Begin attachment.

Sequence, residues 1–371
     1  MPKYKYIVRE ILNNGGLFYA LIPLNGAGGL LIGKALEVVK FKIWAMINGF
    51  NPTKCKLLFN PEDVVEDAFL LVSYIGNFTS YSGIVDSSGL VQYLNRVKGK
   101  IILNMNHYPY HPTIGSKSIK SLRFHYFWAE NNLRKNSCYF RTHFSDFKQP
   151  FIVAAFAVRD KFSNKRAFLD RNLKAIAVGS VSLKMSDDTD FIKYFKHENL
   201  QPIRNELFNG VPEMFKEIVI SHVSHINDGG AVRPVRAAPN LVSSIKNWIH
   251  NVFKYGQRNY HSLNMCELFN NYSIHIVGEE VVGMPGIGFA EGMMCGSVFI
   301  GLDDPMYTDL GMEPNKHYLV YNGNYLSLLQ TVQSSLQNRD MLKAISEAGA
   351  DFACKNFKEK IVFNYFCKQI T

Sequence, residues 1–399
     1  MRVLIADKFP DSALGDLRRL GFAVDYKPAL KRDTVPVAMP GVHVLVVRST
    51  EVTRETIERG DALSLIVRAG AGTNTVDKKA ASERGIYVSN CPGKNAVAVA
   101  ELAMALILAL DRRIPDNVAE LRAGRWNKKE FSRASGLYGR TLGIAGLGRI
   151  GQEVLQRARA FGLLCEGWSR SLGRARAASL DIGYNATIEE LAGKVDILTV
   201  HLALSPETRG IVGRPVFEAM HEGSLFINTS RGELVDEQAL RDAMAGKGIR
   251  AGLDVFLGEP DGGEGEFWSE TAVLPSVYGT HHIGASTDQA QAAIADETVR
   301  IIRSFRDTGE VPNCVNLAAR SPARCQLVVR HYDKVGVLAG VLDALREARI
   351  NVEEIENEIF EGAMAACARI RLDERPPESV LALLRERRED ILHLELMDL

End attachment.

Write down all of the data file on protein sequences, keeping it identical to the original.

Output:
Sequence, residues 1–371
     1  MPKYKYIVRE ILNNGGLFYA LIPLNGAGGL LIGKALEVVK FKIWAMINGF
    51  NPTKCKLLFN PEDVVEDAFL LVSYIGNFTS YSGIVDSSGL VQYLNRVKGK
   101  IILNMNHYPY HPTIGSKSIK SLRFHYFWAE NNLRKNSCYF RTHFSDFKQP
   151  FIVAAFAVRD KFSNKRAFLD RNLKAIAVGS VSLKMSDDTD FIKYFKHENL
   201  QPIRNELFNG VPEMFKEIVI SHVSHINDGG AVRPVRAAPN LVSSIKNWIH
   251  NVFKYGQRNY HSLNMCELFN NYSIHIVGEE VVGMPGIGFA EGMMCGSVFI
   301  GLDDPMYTDL GMEPNKHYLV YNGNYLSLLQ TVQSSLQNRD MLKAISEAGA
   351  DFACKNFKEK IVFNYFCKQI T

Sequence, residues 1–399
     1  MRVLIADKFP DSALGDLRRL GFAVDYKPAL KRDTVPVAMP GVHVLVVRST
    51  EVTRETIERG DALSLIVRAG AGTNTVDKKA ASERGIYVSN CPGKNAVAVA
   101  ELAMALILAL DRRIPDNVAE LRAGRWNKKE FSRASGLYGR TLGIAGLGRI
   151  GQEVLQRARA FGLLCEGWSR SLGRARAASL DIGYNATIEE LAGKVDILTV
   201  HLALSPETRG IVGRPVFEAM HEGSLFINTS RGELVDEQAL RDAMAGKGIR
   251  AGLDVFLGEP DGGEGEFWSE TAVLPSVYGT HHIGASTDQA QAAIADETVR
   301  IIRSFRDTGE VPNCVNLAAR SPARCQLVVR HYDKVGVLAG VLDALREARI
   351  NVEEIENEIF EGAMAACARI RLDERPPESV LALLRERRED ILHLELMDL